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The wrong kind of AI? Artificial intelligence and the future of labour demand


  • Daron Acemoglu
  • Pascual Restrepo


Artificial intelligence (AI) is set to influence every aspect of our lives, not least the way production is organised. AI, as a technology platform, can automate tasks previously performed by labour or create new tasks and activities in which humans can be productively employed. Recent technological change has been biased towards automation, with insufficient focus on creating new tasks where labour can be productively employed. The consequences of this choice have been stagnating labour demand, declining labour share in national income, rising inequality and lowering productivity growth. The current tendency is to develop AI in the direction of further automation, but this might mean missing out on the promise of the ‘right’ kind of AI, with better economic and social outcomes.

Suggested Citation

  • Daron Acemoglu & Pascual Restrepo, 2020. "The wrong kind of AI? Artificial intelligence and the future of labour demand," Cambridge Journal of Regions, Economy and Society, Cambridge Political Economy Society, vol. 13(1), pages 25-35.
  • Handle: RePEc:oup:cjrecs:v:13:y:2020:i:1:p:25-35.

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    References listed on IDEAS

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    Blog mentions

    As found by, the blog aggregator for Economics research:
    1. The Wrong Kind of AI? Artificial Intelligence and the Future of Labor Demand
      by maximorossi in NEP-LTV blog on 2019-05-14 14:30:41


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    2. Anton Korinek, 2019. "Integrating Ethical Values and Economic Value to Steer Progress in Artificial Intelligence," NBER Working Papers 26130, National Bureau of Economic Research, Inc.
    3. Katya Klinova & Anton Korinek, 2021. "AI and Shared Prosperity," Papers 2105.08475,
    4. Luigi Marengo, 2019. "Is this time different? A note on automation and labour in the fourth industrial revolution," Economia e Politica Industriale: Journal of Industrial and Business Economics, Springer;Associazione Amici di Economia e Politica Industriale, vol. 46(3), pages 323-331, September.
    5. Judith Clifton & Amy Glasmeier & Mia Gray, 2020. "When machines think for us: the consequences for work and place," Cambridge Journal of Regions, Economy and Society, Cambridge Political Economy Society, vol. 13(1), pages 3-23.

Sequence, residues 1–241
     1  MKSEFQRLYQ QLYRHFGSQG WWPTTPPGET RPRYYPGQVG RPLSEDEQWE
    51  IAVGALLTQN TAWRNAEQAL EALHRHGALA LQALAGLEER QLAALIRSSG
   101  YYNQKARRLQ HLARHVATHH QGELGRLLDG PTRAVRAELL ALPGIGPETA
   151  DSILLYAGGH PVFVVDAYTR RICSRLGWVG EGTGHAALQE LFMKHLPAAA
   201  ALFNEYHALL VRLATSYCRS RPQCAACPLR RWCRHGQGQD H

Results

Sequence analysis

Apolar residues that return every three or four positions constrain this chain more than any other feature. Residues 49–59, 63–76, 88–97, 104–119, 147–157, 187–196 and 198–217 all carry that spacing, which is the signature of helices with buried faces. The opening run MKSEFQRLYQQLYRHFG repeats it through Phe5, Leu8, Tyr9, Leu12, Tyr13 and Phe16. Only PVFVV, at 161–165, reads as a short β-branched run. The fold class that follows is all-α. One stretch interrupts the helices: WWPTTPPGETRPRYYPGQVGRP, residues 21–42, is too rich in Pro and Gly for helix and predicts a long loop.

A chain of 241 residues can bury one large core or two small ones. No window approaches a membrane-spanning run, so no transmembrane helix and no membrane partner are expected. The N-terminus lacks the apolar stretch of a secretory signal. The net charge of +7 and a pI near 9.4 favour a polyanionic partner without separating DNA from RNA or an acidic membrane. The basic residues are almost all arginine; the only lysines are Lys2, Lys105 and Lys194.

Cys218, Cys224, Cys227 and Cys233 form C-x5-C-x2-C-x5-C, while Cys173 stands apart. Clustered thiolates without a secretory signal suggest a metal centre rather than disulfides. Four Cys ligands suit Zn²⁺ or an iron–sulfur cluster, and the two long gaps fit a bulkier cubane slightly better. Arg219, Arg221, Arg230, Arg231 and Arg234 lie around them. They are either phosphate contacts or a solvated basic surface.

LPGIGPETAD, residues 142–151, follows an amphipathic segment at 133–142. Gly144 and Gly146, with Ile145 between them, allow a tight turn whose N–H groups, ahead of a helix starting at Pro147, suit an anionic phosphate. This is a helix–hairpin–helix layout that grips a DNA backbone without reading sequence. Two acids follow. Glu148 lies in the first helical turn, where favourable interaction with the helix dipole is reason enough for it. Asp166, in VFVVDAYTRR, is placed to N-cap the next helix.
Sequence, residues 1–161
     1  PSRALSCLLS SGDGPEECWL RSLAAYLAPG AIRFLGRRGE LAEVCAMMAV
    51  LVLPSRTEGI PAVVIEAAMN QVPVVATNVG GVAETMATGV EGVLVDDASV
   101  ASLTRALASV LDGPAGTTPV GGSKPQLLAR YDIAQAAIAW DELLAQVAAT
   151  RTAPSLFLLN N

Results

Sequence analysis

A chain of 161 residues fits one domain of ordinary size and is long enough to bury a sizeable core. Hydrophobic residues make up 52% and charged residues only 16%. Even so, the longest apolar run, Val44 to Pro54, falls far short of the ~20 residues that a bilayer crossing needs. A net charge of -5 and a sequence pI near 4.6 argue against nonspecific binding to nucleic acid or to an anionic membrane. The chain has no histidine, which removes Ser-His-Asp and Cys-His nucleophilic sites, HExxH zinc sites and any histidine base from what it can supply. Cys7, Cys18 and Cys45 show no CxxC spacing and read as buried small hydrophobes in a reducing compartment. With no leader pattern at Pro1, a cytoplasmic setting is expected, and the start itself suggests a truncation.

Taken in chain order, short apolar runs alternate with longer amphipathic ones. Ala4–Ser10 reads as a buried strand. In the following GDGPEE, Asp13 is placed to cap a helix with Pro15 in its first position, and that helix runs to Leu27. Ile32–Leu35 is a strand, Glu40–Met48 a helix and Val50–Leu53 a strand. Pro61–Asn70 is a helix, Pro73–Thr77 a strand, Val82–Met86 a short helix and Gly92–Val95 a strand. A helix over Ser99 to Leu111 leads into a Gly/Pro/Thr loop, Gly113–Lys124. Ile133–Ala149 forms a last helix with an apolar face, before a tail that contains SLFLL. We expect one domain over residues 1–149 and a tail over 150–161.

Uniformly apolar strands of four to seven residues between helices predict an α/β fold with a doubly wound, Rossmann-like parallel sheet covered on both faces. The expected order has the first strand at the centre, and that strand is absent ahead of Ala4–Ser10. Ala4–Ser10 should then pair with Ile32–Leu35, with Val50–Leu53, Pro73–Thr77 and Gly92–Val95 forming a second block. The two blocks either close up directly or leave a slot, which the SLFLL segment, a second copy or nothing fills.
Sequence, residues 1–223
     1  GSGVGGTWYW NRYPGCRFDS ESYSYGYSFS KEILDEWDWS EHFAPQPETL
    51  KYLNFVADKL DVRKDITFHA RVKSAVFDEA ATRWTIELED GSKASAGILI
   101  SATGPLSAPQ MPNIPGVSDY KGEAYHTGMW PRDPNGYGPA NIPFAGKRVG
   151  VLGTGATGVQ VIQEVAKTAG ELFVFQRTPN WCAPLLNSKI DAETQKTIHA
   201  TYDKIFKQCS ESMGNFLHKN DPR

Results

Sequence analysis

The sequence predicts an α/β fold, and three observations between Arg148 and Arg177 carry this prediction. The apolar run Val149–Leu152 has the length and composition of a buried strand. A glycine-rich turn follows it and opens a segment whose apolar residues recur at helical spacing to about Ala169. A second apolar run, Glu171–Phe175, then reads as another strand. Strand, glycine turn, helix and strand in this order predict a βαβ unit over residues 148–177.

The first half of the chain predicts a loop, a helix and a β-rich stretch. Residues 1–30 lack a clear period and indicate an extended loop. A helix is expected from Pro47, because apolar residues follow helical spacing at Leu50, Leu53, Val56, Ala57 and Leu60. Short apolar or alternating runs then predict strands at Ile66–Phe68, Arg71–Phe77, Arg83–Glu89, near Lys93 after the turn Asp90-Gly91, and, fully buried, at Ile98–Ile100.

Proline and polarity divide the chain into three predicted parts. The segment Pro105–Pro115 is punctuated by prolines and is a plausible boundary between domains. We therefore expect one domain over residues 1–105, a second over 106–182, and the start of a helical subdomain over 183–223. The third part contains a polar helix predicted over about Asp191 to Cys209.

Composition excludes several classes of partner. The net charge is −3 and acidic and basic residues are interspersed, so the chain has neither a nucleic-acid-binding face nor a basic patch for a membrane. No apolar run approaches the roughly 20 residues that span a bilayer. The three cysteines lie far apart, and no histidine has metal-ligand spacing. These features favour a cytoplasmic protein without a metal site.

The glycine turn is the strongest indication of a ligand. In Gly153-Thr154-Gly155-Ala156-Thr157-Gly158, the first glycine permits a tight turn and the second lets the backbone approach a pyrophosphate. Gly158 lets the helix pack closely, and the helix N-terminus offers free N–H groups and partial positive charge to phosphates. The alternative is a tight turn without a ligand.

6. Nippani, Abishek, 2020. "Automation and Labour in India: Policy Implications of Job Polarisation pre and post COVID-19 crisis," SocArXiv h9gaw, Center for Open Science.
    7. Mutascu, Mihai, 2021. "Artificial intelligence and unemployment: New insights," Economic Analysis and Policy, Elsevier, vol. 69(C), pages 653-667.
    8. Atheendar S Venkataramani & Rourke O’Brien & Gregory L Whitehorn & Alexander C Tsai, 2020. "Economic influences on population health in the United States: Toward policymaking driven by data and evidence," PLOS Medicine, Public Library of Science, vol. 17(9), pages 1-17, September.
    9. Demiralay, Sercan & Gencer, Hatice Gaye & Bayraci, Selcuk, 2021. "How do Artificial Intelligence and Robotics Stocks co-move with traditional and alternative assets in the age of the 4th industrial revolution? Implications and Insights for the COVID-19 period," Technological Forecasting and Social Change, Elsevier, vol. 171(C).
    10. Xie, Mengmeng & Ding, Lin & Xia, Yan & Guo, Jianfeng & Pan, Jiaofeng & Wang, Huijuan, 2021. "Does artificial intelligence affect the pattern of skill demand? Evidence from Chinese manufacturing firms," Economic Modelling, Elsevier, vol. 96(C), pages 295-309.
    11. Ballestar, María Teresa & Díaz-Chao, Ángel & Sainz, Jorge & Torrent-Sellens, Joan, 2021. "Impact of robotics on manufacturing: A longitudinal machine learning perspective," Technological Forecasting and Social Change, Elsevier, vol. 162(C).
    12. Sequeira, Tiago Neves & Garrido, Susana & Santos, Marcelo, 2021. "Robots are not always bad for employment and wages," International Economics, Elsevier, vol. 167(C), pages 108-119.
    13. Liu, Liang & Yang, Kun & Fujii, Hidemichi & Liu, Jun, 2021. "Artificial intelligence and energy intensity in China’s industrial sector: Effect and transmission channel," Economic Analysis and Policy, Elsevier, vol. 70(C), pages 276-293.

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    More about this item


    automation; artificial intelligence; jobs; inequality; innovation; labour demand; productivity; tasks; technology; wages;
    All these keywords.

    JEL classification:

    • J23 - Labor and Demographic Economics - - Demand and Supply of Labor - - - Labor Demand
    • J24 - Labor and Demographic Economics - - Demand and Supply of Labor - - - Human Capital; Skills; Occupational Choice; Labor Productivity


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